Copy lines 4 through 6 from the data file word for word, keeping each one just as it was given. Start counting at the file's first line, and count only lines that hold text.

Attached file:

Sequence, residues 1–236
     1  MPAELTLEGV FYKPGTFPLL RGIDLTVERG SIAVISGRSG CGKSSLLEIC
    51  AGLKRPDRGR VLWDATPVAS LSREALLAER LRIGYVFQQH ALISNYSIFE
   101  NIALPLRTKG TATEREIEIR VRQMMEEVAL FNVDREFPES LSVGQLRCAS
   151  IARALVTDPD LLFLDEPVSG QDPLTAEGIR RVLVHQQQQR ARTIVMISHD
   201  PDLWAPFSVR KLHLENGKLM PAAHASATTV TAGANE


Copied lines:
   101  NIALPLRTKG TATEREIEIR VRQMMEEVAL FNVDREFPES LSVGQLRCAS
   151  IARALVTDPD LLFLDEPVSG QDPLTAEGIR RVLVHQQQQR ARTIVMISHD
   201  PDLWAPFSVR KLHLENGKLM PAAHASATTV TAGANE